Believe or believe it not, this was the popular title accorded to George Frederick Watts (1817-1904) at the peak of his painting career. You can check out whether you agree with this over-the-top complement by looking at his pictures in an exhibition now on at the Guildhall Art Gallery, running until April 26th.
Watts had a long life and a prodigious output and was enormously successful financially, very much in the Damien Hirst manner, leaving some £24M, at today’s values. Determined to enhance the painter’s reputation and maintain the commercial value of her inheritance, his widow built a gallery devoted entirely to his works at Compton in Surrey.
Born in London into a family with a piano business, he showed early promise at drawing, attended the RA schools and, aged 21, set up his own studio, gaining success as a portrait painter although sadly and perversely his ambition was to be an historical painter, following his hero Benjamin Haydon. He won the highest premium in the competition for mural designs for the new House of Parliament and, with this in his pocket, set off in1843on a ‘Grand Tour’ lasting two years. On his return, backed by an aristocratic and wealthy band of patrons, Watts became the leading portrait painter of the day despite his high charges. But this was all to a purpose because it allowed him to make a mid-career change of direction driven to paint subjects rather than people, ideas rather than portraits and social allegories rather than scenes.
Is he ‘Dickens’ of the visual arts?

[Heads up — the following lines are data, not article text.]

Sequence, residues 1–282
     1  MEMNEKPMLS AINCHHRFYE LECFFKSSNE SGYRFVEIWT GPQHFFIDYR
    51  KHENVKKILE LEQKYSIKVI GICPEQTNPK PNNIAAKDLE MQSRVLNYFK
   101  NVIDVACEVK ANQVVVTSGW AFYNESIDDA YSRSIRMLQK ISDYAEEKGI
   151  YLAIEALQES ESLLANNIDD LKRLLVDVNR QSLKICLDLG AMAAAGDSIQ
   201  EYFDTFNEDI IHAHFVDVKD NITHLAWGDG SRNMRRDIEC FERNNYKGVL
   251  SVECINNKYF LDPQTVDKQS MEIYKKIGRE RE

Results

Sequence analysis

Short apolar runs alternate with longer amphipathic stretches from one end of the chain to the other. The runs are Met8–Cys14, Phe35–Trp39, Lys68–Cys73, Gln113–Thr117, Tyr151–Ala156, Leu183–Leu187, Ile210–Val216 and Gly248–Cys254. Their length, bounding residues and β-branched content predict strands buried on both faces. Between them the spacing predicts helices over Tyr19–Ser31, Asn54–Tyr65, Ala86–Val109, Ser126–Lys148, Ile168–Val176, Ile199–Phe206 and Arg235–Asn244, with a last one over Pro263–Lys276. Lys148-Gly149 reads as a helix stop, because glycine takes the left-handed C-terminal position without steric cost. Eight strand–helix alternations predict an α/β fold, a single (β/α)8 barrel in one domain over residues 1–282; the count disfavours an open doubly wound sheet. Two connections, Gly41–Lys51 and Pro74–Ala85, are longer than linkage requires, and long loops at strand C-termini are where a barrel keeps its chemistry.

His most famous work in this genre in the exhibition, entitled ‘Hope’ (see above), is a melancholy painting showing a blindfolded beggar girl seated on a rock plucking a single string of a crude wooden lyre. It had extraordinary impact at the time and also since; Nelson Mandela had a reproduction of it on the wall in his cell on Robben Island; the Rev. Jeremiah Wright the former pastor to Barrack Obama based sermons on it and its themes of hope were taken up by the President in addressing Democratic Conventions; and another Watts painting ’Love and Life’ was selected by President Roosevelt to be hung in the White House.
Watts’ reputation slumped after his death and, like much Victorian art, remained in the doldrums for many many years. Perhaps the time has now come for a re-assessment.

A post sent in by WCCA Past-Master Michael Welbank, who is Common Councilman for the Billingsgate Ward. You might be interested in reading his own blog which deals with general City matters as the elections for the Court of Common Council approach in the month of March. CLICK HERE